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Rethinking the South African Crisis

Date Released: Fri, 14 November 2014 15:45 +0200

Gillian Hart, a leading geographer on the global stage, a key protagonist in the revival of scholarship on Antonio Gramsci and a leading political theorist of the South African crisis offered a public lecture and postgraduate master class at Rhodes University recently entitled “’Political Society’ and Its Discontents: South African Reflections on Indian Debates”. During the presentation Prof Hart, who is Professor of Geography and Co-chair of Development Studies at the University of California, Berkeley, drew parallels between post-apartheid South Africa and 1990s India, suggesting an acknowledgement of the similarities between the two states would be helpful for a nuanced analysis of the current socio-politico environment in South Africa.

Prof Hart explained that she became very interested in Indian debates, finding them compelling while writing her last book, Rethinking the South African Crisis: Nationalism, Populism, Hegemony (2014). “I was going to bring India and South Africa into conversation with one another and I wrote a monstrous chapter but realized it was too much new material and took it out. I promised myself I would come back to it later,” she said, noting that the recent election results from both states, essentially creating the largest fascist state the world has ever seen in India, “cinched my interest and I realized I had to pursue the project.”

Prof Hart suggested that the 1990s saw a major turning point for both countries and that three broad sets of forces can be seen to be operating in both countries, including the “ushering in” of neoliberal capitalism by parties of liberation; expansion of democracy with the democratic transition(s); and intensifying expressions of nationalism. These three forces are playing out in parallel but also in distinctively different kinds of ways, she says.

Drawing on the nearly twenty years of ethnographic research published in Rethinking South Africa, Prof Hart argued that local government has become the key site of contradictions in South Africa, with local practices, conflicts, and struggles in the arenas of everyday life feeding into and being shaped by simultaneous processes of de-nationalization and re-nationalization. Together they are key to understanding the erosion of African National Congress (ANC) hegemony and the proliferation of populist politics she said.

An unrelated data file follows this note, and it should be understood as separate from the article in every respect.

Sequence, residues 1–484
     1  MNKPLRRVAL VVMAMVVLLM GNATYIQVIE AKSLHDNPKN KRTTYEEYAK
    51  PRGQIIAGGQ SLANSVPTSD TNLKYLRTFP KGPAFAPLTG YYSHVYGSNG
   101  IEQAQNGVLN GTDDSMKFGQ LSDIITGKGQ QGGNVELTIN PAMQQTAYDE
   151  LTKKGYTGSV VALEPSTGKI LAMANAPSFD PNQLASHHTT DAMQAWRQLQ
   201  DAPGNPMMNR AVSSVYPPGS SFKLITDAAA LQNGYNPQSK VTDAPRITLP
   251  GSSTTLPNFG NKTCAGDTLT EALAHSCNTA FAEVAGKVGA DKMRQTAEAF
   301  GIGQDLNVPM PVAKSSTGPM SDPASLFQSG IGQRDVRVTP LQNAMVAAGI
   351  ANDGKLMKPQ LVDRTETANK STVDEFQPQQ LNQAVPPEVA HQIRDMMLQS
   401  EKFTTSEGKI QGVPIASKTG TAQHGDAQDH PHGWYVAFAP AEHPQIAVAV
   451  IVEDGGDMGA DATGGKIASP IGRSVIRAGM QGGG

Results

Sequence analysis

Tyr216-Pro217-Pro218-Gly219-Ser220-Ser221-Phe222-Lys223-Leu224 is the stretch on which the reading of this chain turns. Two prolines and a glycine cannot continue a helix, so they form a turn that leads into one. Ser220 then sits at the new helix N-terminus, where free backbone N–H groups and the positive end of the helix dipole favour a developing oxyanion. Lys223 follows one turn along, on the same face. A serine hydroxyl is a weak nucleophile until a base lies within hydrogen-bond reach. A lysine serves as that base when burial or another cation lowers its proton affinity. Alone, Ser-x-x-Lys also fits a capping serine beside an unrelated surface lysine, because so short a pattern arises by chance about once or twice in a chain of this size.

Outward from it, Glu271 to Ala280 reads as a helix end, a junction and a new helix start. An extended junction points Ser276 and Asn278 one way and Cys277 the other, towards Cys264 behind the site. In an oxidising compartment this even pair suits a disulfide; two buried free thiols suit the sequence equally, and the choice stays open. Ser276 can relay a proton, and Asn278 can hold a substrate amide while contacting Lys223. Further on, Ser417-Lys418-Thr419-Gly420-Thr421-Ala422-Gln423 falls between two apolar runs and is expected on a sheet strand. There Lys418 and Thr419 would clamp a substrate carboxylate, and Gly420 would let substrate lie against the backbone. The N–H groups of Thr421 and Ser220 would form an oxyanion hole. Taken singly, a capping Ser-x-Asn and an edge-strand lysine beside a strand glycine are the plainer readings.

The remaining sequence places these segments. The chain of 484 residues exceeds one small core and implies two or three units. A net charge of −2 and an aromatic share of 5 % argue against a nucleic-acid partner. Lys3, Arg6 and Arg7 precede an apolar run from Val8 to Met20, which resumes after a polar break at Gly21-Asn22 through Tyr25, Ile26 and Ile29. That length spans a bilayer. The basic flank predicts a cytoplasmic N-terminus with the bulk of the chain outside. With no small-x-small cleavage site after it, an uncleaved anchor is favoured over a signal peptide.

The 1990s in South Africa marked a shift in ANC policy from a “fierce fiscal” approach to increasing investment in municipal indigents policy, yet, Prof Hart challenged, this has resulted in increasing popular discontent. “We need to understand how it is that between 2001 and Marikana we have the phenomenon of on the one hand more and more investment into efforts to contain popular discontent, and at the same time popular antagonism is burgeoning.”

Prof Hart described the “deep profound circuits through which efforts to contain popular discontent are playing into and igniting populist anger, generating the very conditions they were designed to contain.” The contrast playing out at the level of local government have to be situated in relation to the similar process of denationalisation and renationalization, she said. The former comprises not just neoliberalism but also the particular set of alliances that were forged between the ANC and corporate capital that enabled corporate capital to expand. The latter involves the reconstituting of the nation anew following the unbanning of the ANC, in such ideological notions as the Rainbow Nation. “Capital needs government to keep a lid on things but forces of popular resistance are making it increasingly harder, if not impossible, for this to happen. The Economic Freedom Fighters (EFF) are an extension of this.”

Prof Hart has worked in Indonesia, Bangladesh, and Malaysia on questions of agrarian change, labor, and gender. Since the early 1990s she has been deeply engaged in research and writing for academic and popular audiences in her native South Africa addressing debates over globalization, neoliberalism, and the rise of new social movements. As an Honorary Research Professor at the University of KwaZulu-Natal, Prof Hart participates in a research cluster program with South African graduate students. She has also been working collaboratively with a group of South African and Indonesian scholars and activists to explore the rise of agrarian movements in post-apartheid South Africa and post-Suharto Indonesia, and the connections they are forging with one another. She was hosted by the Rhodes University Unit for the Humanities (UHURU).


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